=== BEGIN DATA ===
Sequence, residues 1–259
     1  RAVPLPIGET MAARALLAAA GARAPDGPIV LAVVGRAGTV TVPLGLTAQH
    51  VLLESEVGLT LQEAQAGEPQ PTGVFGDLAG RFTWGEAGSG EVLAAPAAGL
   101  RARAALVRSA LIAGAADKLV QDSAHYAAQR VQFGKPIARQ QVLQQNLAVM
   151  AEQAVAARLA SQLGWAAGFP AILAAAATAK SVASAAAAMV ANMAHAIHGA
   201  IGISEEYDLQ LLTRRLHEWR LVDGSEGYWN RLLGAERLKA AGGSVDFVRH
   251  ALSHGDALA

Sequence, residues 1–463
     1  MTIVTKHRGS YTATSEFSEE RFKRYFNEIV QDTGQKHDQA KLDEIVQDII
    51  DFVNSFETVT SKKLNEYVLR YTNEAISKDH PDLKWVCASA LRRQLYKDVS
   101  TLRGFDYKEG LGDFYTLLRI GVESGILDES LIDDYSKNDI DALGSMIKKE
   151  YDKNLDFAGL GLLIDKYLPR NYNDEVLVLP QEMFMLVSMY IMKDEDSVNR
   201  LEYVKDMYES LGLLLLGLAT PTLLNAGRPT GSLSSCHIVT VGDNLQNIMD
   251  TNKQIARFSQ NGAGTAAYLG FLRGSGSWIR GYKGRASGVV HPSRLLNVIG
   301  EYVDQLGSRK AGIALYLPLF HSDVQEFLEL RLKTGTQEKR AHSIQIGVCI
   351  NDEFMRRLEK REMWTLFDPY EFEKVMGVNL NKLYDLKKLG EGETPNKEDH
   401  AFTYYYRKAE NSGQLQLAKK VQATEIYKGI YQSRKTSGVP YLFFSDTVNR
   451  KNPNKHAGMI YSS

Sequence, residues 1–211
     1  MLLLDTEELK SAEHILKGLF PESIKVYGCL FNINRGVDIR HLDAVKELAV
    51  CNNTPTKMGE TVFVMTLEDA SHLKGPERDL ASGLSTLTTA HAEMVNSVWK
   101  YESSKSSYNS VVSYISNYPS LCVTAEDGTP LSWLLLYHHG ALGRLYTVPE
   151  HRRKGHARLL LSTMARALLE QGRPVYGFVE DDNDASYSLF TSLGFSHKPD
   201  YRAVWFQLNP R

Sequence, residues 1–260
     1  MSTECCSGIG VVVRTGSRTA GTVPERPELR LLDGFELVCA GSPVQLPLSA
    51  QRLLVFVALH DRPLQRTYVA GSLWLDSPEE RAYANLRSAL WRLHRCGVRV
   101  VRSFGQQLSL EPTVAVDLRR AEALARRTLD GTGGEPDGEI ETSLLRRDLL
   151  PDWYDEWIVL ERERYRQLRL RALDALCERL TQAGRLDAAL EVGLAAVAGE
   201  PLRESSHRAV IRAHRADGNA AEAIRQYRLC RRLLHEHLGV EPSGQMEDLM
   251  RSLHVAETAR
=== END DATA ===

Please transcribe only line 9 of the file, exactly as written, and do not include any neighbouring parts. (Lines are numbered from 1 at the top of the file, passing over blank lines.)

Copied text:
     1  MTIVTKHRGS YTATSEFSEE RFKRYFNEIV QDTGQKHDQA KLDEIVQDII